As we have discussed in recent blog posts, there are numerous levels to qualifying a sale.
There is the basic fundamental of a buyer or other person at a company interested in your product or service. There is the fact of the budget being available or not. Moving up a bit further, there is gathering data about the company, its place in its market and its business scope.
The fact is, however, that the qualifying of an opportunity can and often does continue almost to the point of the close; there is always information pertinent to the sale that is being gathered, and that should be recorded for reference and used as necessary.
One category of information vital to sales account management is what is referred to in the marketing trade as psychographics: the mental landscape of your prospect. In that in B2B sales we’re dealing with multiple individuals, its good to record pertinent facts about decision-makers within the company that you’re dealing with as you progress through the sales cycle.
What Should You Know?
The first and most important thing you’d like to know about the decision-makers in your prospect company is: what is motivating them to be interested in your product or service? In other words, you want to discover the specific benefits they are seeking that your product would bring to them. There are of course general benefits to them as a company—such as, “That database will be much more efficient for everyone to use.” But you might find your product will provide specific personal benefits to your various contacts at the company; for example, if one of your key contacts is the IT director your product might mean less hand-holding for computer users. Hence it is a good idea to inquire about “benefits sought” from every decision-maker you interact with.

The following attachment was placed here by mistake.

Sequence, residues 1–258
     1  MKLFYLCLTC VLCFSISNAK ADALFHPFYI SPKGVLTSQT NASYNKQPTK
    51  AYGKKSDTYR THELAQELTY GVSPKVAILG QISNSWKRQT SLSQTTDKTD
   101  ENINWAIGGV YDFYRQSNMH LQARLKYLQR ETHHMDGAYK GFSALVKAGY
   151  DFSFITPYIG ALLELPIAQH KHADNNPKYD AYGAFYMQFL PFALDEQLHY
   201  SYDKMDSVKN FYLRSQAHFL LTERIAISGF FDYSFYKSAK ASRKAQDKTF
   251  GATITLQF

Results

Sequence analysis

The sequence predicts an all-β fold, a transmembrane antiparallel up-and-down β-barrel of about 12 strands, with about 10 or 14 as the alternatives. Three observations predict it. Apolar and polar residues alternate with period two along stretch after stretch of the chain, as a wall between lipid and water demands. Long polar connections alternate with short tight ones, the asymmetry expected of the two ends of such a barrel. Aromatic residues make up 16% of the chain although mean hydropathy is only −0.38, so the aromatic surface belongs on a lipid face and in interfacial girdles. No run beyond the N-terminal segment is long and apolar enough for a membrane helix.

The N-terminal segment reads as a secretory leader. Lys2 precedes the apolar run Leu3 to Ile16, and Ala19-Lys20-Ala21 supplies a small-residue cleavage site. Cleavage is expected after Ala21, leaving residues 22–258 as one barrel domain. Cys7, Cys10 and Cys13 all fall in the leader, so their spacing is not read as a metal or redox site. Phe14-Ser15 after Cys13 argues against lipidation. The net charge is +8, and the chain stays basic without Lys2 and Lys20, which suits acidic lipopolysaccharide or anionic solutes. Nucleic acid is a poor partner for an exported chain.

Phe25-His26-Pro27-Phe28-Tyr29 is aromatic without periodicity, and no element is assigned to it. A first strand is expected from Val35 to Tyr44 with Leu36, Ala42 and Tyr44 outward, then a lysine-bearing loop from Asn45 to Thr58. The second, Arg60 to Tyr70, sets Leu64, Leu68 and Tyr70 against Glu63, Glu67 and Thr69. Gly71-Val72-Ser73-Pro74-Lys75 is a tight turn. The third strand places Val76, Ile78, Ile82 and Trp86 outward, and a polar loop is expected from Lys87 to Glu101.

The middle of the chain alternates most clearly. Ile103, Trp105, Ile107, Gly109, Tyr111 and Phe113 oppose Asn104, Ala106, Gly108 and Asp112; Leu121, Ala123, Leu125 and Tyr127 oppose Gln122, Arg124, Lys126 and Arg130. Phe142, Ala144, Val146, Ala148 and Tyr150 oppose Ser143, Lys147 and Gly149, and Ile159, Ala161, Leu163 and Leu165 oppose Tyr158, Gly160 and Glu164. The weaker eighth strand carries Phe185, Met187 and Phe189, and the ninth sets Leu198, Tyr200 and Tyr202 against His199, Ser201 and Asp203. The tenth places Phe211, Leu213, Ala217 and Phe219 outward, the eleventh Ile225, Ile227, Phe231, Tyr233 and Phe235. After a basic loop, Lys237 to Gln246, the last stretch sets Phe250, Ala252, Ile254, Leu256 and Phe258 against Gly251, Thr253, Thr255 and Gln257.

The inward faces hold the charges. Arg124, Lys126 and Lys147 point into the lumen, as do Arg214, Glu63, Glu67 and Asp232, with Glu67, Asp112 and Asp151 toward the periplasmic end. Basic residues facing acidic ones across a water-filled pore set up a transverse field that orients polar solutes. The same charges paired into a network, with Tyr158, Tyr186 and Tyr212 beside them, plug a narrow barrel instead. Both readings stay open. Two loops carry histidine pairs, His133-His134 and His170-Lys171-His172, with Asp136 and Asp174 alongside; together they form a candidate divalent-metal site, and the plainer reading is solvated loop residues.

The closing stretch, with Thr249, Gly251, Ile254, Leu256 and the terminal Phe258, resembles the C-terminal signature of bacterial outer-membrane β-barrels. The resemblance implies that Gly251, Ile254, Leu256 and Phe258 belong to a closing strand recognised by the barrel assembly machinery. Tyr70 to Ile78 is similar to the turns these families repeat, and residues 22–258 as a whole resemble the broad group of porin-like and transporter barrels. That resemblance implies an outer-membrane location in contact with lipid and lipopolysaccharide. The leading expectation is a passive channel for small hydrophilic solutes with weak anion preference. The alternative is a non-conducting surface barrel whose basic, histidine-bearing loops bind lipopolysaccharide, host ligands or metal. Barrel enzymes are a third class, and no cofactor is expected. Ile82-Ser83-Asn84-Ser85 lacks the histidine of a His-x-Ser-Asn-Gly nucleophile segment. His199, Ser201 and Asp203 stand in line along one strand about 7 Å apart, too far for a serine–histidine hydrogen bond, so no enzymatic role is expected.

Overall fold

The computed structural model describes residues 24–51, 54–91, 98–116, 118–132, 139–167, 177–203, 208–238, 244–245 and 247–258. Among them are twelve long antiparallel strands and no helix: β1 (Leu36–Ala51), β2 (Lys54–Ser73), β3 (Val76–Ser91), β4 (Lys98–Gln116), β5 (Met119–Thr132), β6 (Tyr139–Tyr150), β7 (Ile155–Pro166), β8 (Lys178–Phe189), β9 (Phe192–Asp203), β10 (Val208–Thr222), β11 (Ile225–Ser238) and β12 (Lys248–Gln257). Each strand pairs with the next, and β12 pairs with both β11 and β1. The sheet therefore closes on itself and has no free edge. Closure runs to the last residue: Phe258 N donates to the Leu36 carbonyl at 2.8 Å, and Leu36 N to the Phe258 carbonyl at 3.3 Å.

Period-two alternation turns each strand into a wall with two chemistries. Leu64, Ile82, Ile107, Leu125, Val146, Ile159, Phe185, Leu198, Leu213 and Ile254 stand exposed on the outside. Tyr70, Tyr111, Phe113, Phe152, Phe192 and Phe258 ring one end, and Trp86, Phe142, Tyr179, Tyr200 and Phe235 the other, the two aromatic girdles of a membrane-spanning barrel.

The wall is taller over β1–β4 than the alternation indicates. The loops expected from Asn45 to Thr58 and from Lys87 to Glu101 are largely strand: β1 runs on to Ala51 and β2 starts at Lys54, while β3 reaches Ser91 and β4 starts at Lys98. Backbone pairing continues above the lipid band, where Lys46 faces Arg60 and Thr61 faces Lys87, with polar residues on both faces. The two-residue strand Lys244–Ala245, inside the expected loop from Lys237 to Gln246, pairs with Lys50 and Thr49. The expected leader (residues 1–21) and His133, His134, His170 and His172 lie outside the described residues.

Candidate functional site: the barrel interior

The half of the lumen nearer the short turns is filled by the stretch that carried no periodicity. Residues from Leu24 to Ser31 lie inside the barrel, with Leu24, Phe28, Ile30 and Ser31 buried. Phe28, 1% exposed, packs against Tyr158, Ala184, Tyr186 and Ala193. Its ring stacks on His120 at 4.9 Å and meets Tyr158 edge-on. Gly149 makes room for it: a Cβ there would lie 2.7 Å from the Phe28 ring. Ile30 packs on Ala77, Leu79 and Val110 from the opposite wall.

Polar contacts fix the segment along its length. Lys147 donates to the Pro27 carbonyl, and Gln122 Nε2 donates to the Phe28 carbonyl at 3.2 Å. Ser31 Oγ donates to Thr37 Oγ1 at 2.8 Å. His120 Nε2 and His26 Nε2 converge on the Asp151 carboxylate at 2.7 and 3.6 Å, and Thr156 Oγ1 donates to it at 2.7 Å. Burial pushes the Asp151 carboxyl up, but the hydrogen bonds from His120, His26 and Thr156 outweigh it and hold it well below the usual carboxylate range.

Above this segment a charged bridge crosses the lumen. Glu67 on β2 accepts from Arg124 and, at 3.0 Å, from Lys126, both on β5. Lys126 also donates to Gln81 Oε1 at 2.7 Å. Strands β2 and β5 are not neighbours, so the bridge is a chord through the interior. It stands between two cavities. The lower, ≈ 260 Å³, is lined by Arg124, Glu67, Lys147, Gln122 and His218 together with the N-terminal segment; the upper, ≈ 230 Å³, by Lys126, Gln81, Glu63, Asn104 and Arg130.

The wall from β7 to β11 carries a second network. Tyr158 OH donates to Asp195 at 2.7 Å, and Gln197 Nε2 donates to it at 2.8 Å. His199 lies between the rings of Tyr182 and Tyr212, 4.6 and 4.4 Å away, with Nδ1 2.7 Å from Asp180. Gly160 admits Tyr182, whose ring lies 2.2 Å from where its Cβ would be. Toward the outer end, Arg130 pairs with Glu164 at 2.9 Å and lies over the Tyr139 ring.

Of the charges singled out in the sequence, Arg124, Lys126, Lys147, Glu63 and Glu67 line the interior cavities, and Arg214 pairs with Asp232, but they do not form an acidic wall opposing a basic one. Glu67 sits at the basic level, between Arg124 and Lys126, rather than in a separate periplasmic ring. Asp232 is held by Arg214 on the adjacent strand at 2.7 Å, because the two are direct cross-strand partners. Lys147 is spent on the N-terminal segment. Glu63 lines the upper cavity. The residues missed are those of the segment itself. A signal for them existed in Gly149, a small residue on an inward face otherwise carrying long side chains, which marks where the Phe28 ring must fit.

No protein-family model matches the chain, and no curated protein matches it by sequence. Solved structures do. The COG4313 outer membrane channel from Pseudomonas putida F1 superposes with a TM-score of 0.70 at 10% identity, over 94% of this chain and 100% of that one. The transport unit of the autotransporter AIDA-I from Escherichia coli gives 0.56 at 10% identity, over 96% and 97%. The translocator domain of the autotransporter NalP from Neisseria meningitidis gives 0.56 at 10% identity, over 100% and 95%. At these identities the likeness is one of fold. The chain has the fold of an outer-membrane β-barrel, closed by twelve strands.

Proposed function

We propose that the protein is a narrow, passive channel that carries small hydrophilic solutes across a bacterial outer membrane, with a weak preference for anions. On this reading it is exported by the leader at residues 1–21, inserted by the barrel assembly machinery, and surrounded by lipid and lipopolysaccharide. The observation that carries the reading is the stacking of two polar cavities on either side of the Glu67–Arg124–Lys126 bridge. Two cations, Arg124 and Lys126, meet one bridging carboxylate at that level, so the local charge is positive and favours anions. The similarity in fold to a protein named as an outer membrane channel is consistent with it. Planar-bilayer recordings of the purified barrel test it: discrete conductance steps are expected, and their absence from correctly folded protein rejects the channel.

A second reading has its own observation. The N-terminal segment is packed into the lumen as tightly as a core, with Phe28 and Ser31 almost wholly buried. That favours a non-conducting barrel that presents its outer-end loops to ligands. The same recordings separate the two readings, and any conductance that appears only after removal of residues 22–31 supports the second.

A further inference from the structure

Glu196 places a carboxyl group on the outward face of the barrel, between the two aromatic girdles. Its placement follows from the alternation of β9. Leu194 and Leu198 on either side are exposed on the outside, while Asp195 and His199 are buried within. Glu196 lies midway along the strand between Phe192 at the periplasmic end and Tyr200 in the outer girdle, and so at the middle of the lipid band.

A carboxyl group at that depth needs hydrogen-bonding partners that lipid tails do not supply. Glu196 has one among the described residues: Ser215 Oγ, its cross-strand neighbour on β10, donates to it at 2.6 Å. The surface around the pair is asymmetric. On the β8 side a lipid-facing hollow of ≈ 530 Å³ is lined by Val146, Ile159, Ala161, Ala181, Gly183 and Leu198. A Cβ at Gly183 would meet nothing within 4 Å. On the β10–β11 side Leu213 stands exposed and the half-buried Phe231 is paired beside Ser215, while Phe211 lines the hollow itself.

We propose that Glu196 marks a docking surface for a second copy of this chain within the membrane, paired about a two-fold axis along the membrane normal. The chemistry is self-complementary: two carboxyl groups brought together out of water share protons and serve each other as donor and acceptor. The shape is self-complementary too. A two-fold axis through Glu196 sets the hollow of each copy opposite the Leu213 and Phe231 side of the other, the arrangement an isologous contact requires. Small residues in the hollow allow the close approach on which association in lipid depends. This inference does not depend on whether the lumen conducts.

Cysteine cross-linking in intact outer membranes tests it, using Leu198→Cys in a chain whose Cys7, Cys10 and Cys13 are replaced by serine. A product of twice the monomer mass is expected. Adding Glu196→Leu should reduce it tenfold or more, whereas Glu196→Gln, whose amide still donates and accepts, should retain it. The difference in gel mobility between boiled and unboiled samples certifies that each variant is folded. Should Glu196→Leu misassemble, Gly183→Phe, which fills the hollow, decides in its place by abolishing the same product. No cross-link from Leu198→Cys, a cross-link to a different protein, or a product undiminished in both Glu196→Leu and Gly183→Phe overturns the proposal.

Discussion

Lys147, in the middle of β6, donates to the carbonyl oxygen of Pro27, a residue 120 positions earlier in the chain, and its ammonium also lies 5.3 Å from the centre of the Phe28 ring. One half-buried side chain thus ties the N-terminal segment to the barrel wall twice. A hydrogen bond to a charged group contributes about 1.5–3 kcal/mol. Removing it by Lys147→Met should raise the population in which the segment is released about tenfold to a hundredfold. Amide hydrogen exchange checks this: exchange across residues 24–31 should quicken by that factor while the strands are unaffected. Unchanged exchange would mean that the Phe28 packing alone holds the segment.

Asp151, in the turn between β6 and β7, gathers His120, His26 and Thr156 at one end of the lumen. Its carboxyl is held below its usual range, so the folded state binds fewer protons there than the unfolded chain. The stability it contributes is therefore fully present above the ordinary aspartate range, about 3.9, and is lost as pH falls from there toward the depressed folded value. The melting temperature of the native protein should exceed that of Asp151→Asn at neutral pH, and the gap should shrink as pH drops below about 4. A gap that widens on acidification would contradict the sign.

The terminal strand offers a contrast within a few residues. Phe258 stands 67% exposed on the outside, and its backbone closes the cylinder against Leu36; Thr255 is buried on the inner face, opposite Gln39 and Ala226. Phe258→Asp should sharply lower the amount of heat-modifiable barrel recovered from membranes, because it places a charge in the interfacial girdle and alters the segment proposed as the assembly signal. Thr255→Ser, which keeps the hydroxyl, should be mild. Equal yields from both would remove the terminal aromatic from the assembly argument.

Another factor you’ll want to record is the person’s role in the buying process. That will give you an idea of how much weight that person carries within the company, and who else you may need to contact and possibly have to close as well.
You should also make notes about each contact’s behavior as applicable and as discovered. For example, “Don’t talk to Joe if he’s in a rush and under pressure; he’ll just say no to everything” or “Friday is a good day to talk to Melinda as she’s always looking forward to the weekend and going to the beach.”
You could even keep track of the corporate culture within the company. Are they team-oriented, or is there a lot of infighting and competing?
Ease of Recording and Access
At the end of this article is a link for a set of free tools for qualifying opportunities as the sales cycle progresses. One of these, the Account Profiler, can help you track the type information we’ve been discussing above, with each sale that is in progress.
But in addition such information should also be saved to your CRM application, at each stage of the sales process to which it applies. Not only will you need to refer to it (assuming you are working more than one sale and won’t always remember it), but there may be others in your company that may need it, too. Another rep may be subbing for you or assisting you, and this data will be vital if they’re going to smoothly step into your shoes for that sale. That means you should ensure your CRM solution supports rapid and easy recording and retrieval of such data.
A vital part of sales account management is tracking and utilizing the various attitudes within your prospect company. Understand them and use them to your advantage.
Click here to download your free opportunity evaluation tool.